My friend Mel came down from Ogden to play last night. We worked together for a long time, so it was really good to see her again.
Since we are both rather nerdy, in a scientific kind of way, we found ourselves, on a Friday night, talking about biology. Sometime during the conversation, I mentioned that Francis Crick, one of the discoverers of the shape of DNA, had wanted to name his daughter Adenine, which is one of the four building blocks of DNA. Fortunately, his wife didn't let him, although Jim Watson, the other discoverer of DNA's shape, also thought that it would be a great name for the little girl.
We pondered the fact that "Adenine" is actually not a terrible sounding name, out of context. Definitely a little strange, but no stranger than some names that are in fairly common circulation. We then proceeded to think about other biology and chemistry terms and names that might pass for baby names. Here are some of the ones we came up with:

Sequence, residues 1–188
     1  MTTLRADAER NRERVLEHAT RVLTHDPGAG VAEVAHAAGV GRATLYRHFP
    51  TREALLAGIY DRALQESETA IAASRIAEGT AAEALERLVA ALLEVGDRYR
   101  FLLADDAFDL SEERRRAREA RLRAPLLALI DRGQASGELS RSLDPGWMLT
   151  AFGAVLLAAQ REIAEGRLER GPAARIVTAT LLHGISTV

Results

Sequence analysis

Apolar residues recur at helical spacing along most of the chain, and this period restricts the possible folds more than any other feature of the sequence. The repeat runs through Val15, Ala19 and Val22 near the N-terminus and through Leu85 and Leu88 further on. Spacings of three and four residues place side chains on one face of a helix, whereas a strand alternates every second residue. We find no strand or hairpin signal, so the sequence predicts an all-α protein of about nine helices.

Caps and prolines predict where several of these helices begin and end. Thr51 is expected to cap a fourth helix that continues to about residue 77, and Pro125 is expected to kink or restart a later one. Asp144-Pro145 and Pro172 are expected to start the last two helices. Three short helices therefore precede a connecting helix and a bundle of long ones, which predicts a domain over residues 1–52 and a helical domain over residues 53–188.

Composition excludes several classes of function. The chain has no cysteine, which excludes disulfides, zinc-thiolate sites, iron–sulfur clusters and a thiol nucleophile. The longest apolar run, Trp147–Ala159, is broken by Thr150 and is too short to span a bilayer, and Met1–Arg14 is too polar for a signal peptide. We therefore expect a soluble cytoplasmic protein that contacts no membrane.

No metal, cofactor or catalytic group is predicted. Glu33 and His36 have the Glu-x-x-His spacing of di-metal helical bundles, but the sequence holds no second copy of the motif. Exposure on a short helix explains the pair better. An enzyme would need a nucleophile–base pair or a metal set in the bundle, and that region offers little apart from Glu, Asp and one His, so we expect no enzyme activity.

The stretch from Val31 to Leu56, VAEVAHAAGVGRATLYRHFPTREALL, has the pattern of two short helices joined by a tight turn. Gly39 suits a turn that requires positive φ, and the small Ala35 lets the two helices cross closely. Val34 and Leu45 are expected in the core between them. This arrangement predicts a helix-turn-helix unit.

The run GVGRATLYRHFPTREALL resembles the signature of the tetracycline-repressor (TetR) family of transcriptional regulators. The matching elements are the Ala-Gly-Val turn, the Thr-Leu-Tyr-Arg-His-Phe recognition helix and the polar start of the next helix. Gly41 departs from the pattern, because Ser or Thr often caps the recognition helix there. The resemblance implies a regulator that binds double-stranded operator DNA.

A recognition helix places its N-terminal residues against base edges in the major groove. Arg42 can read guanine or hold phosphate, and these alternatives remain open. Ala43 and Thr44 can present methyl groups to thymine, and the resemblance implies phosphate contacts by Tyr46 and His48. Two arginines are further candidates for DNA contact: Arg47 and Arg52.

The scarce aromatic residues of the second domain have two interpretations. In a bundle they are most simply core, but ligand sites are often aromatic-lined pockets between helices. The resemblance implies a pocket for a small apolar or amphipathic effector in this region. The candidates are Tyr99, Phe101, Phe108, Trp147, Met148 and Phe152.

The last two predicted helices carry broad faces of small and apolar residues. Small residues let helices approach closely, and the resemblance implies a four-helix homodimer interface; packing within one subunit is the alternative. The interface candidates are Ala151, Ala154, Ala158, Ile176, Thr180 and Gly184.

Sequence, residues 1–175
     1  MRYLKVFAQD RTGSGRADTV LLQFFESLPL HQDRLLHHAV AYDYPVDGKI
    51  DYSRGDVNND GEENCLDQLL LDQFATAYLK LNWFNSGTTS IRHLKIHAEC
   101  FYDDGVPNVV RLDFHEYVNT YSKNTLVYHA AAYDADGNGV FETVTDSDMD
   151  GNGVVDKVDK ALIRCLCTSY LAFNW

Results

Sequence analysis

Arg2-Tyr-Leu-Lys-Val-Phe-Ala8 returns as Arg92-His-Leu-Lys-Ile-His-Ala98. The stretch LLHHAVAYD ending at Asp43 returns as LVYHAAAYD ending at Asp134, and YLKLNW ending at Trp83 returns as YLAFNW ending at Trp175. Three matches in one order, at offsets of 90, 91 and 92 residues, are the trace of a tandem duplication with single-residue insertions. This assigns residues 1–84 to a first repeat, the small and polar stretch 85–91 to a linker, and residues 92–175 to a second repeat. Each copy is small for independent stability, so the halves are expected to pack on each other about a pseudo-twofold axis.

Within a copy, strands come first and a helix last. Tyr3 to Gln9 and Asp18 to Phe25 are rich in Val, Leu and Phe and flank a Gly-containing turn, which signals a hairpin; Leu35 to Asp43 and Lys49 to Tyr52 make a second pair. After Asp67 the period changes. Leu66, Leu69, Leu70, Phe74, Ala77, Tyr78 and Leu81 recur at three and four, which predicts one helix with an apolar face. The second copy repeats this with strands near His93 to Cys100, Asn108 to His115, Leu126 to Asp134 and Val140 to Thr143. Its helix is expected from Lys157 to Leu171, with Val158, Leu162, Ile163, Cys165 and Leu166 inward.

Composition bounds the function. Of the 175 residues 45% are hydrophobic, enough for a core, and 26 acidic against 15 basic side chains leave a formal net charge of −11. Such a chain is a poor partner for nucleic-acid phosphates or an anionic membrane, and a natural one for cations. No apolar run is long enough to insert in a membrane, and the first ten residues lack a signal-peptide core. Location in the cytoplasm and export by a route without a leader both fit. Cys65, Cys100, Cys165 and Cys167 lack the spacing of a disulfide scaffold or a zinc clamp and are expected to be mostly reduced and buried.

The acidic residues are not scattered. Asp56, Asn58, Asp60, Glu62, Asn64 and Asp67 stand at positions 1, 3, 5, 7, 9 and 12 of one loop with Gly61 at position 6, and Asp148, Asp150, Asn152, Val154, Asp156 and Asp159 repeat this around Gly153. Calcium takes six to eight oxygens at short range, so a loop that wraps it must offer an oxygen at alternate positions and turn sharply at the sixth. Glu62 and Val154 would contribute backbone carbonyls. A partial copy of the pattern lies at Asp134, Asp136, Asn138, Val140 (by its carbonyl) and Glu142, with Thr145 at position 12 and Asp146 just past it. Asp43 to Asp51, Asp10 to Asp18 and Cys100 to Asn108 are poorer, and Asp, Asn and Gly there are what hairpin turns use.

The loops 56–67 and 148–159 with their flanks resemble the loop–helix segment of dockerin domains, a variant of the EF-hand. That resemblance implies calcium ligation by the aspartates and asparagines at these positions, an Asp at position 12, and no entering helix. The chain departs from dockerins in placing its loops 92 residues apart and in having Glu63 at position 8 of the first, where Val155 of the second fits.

Names that were mentioned but rejected include:
Methionine (especially after it's been shortened to Meth- just not a good idea)
We also pondered the use of scientific names. We thought that the scientific name for maize would possibly work for someone's first and middle names: Zea Mays. Zea is kind of a cool name. It sounds a little bit Nephite-ish to me. We got excited by this winner and tried to think of others. The name for wheat is a little strange, so we decided not to add it to the list (Triticum Aestevum. "Aestevum" sounds a little bit like saying the name "Steven" with a Spanish accent).
Then, we got lured outside to join a volleyball game. Someone had set up a projector on the neighboring basketball court, and a couple of people were watching an old, very funny sci-fi movie. It kept distracting me from the volleyball game. I'm not sure what the plot of the movie was, but there was a man who was a "scientist" who got too buried in his work, apparently, because at one point he spouted off this gem of a line:
"You know, it's rough being a scientist and always thinking scientific thoughts. Sometimes I wish I could just enjoy other things, like . . . cabins."
There you have it. One of the great curses of dedicating one's life to science is the inability to enjoy cabins. Suddenly my life makes a lot more sense.